You think four years of post-launch downloadable content is an eye-watering number to wrap your gums around? Maybe! But before you can take a bite out of that much stuff what ain’t real just yet, you’re probably going to be very busy with Dying Light 2’s main course. Which is totes Leg O’ Larry by the way.
Speaking to Dying Light 2’s lead game designer Tymon Smektala , Prankster101 Productions got a tasty tidbit of information regarding just how long the game is planning to be: Around 15 hours just to surf through the main campaign and then another metric buttload of content on top of that will consume even more of your precious time on this planet. “It is very hard to measure in an open-world game,” Smektala said of the overall game and a ballpark estimate of how long it’d take you to get a 100% completion rating on all the game activities.
How long it actually takes to complete the game because of the things that happen between points A and points B of a quest, so basically it’s up to you how you play it. Also in a game like this, there are a lot of emergencies. Things just happen as you play the game and you have to react to them. But it is 15 to 20 hours for the main story, because the whole content I would say is more than 100 hours.
One other area where Techland has spent definitely more than one hundred zombie man-hours on? The movement of Dying Light 2, which they’re hoping fans will appreciate as they dial up the acrobatics to be more parkoury than ever before. “So basically we’ve had to write everything from scratch. All of the code that governs how you do parkour in Dying Light 2 is written from scratch,” Smektala explained.
It’s because of two things, the first one is we have new technology. The game is built on a new engine which is called C Engine – this is an engine we have built for games like these, for open-world first-person games. But also because we have found a lot of limitations with the old approach to coding, to implementing the parkour moves.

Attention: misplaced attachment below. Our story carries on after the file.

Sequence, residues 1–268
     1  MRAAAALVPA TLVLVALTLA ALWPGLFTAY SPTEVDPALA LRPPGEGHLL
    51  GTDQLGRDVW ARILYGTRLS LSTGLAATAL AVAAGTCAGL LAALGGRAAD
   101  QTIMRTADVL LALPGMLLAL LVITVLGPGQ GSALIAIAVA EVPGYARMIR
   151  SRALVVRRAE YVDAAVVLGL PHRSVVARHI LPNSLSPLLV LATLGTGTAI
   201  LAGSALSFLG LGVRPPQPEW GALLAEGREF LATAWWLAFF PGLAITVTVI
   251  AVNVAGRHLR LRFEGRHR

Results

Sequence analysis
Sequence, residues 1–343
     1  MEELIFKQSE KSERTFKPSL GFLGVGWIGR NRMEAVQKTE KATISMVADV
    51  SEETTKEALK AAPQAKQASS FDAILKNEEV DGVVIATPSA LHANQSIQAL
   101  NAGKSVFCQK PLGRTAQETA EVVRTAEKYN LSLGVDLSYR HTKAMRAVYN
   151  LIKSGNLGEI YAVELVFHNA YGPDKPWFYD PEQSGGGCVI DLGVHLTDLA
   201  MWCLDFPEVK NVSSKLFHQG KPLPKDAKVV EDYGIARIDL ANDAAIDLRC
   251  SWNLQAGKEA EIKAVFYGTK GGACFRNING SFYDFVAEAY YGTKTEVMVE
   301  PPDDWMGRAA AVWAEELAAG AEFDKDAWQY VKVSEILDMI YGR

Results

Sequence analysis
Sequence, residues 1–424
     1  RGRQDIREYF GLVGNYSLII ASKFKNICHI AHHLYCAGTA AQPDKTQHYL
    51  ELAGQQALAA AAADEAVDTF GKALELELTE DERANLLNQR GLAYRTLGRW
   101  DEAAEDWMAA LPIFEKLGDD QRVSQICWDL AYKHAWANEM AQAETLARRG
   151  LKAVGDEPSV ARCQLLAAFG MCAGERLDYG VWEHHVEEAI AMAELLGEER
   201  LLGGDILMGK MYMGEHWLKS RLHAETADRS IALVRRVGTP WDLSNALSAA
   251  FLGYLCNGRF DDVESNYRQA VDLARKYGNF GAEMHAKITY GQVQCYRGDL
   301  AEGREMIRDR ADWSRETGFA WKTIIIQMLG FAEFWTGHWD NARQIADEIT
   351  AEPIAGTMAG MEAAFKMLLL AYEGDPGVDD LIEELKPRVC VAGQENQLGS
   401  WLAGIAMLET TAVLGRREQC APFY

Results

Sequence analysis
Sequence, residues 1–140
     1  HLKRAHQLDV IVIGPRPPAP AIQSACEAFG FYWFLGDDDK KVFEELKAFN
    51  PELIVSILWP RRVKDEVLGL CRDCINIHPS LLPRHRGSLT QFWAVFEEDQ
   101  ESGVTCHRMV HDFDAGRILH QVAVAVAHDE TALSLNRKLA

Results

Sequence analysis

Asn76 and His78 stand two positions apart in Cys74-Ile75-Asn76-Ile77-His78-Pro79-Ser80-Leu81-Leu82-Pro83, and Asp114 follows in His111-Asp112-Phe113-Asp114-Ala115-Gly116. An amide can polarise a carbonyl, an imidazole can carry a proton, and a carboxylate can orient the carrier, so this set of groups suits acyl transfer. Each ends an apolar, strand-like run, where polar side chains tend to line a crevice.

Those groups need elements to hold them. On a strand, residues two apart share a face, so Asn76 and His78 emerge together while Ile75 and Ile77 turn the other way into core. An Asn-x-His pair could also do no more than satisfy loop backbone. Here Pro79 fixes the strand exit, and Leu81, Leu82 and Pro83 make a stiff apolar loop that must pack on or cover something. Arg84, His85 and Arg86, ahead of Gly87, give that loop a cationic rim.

And we wanted to do so much more with this game. We wanted to increase the number of parkour moves, which we did. We have doubled the number of parkour moves. We also wanted to do more cool stuff, for example like dynamic elements to environments. Dynamic movable pieces of the world which you can grab on to climb, to use while you parkour.
So we had to write everything from scratch using of course, the experience, the knowledge we got from the first game. The goal for Dying Light 2 when it comes to parkour is to add more “game” to it. In the first game, it was basically like a tool for your traversal, like a means for your traversal. Basically like a horse in a game like The Witcher, or a car in a game like Grand Theft Auto. We want parkour in Dying Light to be more game-focused.
To challenge you more, to give space for the more experienced players to really show their expertise, to really show how good they are at parkour. So we have introduced a bigger number of parkour moves, but there’s a bigger number of different geometry in the city which you can use to go faster, to be more effective. It’s actually quite easy to enter the game. The entry-point is quite low.
You can still traverse with great ease just by pressing one button. The parkour button for jump and for grabs. But there’s a lot of new moves which allow you to go faster and if you land those moves and understand how they work, you will really be a parkour specialist.
There’s a whole lot more in the link above, which should help tide you over until the game arrives next year. You know what’s also good for killing time until Dying Light 2 arrives? Shopping for the right shade of brown pants that help disguise any accidental rectum leakage when the sun dips in that world and you hear a certain shriek emanating from the streets. I don’t care what Mythbusters have to say, the Brown Note is real and Techland have mastered it.
Last Updated: September 30, 2019